As long as one is allowing any print size, there will always be a threshold where at one side the printer is "out-resolving" the camera, and at the other side the camera is outresolving the printer. The larger your prints, the greater the chance that your printer is capable of reproducing details that your camera cannot capture.

I believe that natural images and image processing pipelines tend to behave in such a way that classical sampling theory/Nyquist is applicable (unless excessive sharpening is applied). I believe that synthetic test-patterns like yours belong to a different cathegory, and great care should be taken when comparing response to such test-patterns vs natural images (perhaps band-limited swept sines would be a better choice).

I believe that it is fair to assume that people tend to view A3 sized prints at a greater distance than A4 sized prints. This tendency may not be enough to compensate for the change in print size (i.e. lp/ph may be more important in large images than in small ones).

The human visual system is often said to be limited to 1 minute of arc (angular subtended), and we have a limited ability to focus very near to some object. I believe that this can be used to set a hard limit on how much real resolution is of use for 20/20 vision people not using magnifyers.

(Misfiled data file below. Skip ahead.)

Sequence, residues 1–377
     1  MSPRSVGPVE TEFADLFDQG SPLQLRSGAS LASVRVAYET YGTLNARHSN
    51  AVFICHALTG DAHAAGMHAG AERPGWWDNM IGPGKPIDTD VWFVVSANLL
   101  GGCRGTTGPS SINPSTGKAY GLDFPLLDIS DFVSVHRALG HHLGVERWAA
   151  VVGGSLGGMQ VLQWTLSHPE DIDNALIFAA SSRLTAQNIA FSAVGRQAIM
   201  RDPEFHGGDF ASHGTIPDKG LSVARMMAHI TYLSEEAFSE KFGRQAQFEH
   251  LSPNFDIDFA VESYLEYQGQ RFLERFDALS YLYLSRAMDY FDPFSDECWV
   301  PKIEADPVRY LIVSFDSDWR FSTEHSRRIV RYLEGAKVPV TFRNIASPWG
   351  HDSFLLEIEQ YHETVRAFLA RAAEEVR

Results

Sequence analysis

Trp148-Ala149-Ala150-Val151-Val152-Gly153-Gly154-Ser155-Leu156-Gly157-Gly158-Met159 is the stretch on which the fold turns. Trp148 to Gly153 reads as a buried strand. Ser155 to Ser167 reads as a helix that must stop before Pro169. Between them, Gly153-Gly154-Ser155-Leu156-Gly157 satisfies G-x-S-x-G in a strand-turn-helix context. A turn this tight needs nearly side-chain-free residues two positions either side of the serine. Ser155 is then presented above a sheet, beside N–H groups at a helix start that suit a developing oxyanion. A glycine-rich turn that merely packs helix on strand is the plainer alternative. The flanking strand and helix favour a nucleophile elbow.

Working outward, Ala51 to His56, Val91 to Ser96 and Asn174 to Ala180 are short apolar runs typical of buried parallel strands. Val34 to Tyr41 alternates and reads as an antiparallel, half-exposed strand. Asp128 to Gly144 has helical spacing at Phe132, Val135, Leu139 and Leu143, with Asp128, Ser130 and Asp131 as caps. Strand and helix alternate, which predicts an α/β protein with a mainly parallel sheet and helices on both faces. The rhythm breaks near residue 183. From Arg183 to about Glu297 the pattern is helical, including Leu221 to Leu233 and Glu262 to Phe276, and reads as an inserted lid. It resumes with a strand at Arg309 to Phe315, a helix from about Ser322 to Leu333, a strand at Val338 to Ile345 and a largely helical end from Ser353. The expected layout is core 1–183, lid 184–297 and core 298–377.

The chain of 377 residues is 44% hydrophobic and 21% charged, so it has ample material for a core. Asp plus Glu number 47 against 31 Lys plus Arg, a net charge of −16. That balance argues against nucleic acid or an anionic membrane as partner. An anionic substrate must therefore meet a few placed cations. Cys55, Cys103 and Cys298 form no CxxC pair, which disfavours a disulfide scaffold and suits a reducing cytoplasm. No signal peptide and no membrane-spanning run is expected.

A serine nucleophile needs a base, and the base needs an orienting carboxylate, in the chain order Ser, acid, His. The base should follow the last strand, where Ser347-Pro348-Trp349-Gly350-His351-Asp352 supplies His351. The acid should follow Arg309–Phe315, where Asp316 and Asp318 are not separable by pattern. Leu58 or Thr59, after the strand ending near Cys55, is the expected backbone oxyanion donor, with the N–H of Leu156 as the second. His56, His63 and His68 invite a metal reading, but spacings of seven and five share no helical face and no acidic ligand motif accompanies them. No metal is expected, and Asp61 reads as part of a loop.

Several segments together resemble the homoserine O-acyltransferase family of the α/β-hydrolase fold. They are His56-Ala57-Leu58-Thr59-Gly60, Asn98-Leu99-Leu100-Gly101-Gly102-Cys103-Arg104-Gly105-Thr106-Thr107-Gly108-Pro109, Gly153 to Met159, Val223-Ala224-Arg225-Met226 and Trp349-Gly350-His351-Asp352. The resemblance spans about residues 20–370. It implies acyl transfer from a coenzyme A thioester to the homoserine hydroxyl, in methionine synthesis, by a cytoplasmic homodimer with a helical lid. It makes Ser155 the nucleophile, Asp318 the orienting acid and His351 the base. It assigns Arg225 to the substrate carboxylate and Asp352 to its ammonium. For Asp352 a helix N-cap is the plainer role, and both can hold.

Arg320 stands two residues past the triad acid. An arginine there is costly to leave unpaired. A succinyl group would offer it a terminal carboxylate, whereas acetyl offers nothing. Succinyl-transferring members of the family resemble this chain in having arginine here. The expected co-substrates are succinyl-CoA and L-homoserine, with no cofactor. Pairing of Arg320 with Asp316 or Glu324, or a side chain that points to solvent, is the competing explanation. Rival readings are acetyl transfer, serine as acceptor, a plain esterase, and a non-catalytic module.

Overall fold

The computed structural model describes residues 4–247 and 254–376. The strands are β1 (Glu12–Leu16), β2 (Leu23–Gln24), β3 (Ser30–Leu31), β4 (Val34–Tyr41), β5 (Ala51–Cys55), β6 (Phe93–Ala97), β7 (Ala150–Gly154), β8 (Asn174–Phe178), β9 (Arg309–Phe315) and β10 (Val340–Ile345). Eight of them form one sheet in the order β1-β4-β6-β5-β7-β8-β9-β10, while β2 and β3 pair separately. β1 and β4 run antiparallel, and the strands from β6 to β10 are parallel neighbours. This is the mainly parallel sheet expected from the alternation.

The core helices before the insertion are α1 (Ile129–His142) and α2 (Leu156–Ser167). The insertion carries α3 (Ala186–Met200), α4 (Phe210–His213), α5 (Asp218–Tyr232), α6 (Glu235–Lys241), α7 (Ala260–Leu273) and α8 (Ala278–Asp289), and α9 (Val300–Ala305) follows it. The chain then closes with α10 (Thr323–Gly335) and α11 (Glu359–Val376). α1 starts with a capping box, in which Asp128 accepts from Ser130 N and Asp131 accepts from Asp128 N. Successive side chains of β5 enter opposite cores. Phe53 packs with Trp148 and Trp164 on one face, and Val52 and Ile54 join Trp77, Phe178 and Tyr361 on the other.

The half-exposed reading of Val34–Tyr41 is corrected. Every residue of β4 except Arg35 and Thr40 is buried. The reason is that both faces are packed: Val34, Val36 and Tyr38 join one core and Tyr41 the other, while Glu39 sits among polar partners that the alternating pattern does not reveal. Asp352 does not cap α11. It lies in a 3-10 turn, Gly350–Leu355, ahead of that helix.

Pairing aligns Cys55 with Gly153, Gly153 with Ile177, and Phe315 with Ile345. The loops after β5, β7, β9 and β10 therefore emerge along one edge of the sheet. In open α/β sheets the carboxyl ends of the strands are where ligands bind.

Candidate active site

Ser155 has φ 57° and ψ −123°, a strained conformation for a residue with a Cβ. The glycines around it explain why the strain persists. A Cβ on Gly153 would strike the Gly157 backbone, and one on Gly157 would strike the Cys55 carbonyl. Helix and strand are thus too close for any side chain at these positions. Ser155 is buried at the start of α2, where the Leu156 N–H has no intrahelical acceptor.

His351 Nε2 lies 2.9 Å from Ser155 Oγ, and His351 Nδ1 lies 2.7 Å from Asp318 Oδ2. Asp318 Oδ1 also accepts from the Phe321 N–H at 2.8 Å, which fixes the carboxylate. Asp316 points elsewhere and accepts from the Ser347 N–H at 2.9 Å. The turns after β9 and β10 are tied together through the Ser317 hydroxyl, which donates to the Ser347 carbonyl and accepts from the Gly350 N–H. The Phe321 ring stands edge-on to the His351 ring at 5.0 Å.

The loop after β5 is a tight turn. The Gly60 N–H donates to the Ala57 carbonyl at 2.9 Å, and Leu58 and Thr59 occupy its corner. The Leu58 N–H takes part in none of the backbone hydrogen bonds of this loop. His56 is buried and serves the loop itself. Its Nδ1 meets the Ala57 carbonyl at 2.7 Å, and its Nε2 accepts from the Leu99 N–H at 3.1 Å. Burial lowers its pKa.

-h
« Last Edit: May 23, 2011, 08:31:51 AM by hjulenissen » Logged
BartvanderWolf
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« Reply #144 on: May 23, 2011, 09:40:29 AM »
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Hi Bart
I was careful not to resample when I resized the image from 360ppi to 359/358/361/362 and 720 ppi for testing. This was confirmed with no impact on screen only the reported image dimensions changing. Then I just sent each image to the printer driver.
It looks like my driver (Epson) is doing some internal resampling at resolutions other than 360 dpi

Hi Dave,

It's still very strange and contrary to what others report. Do you by any chance have borderless printing activated (that will cause resampling by the printer driver, but not very high quality resampling)? I assume you print from Photoshop?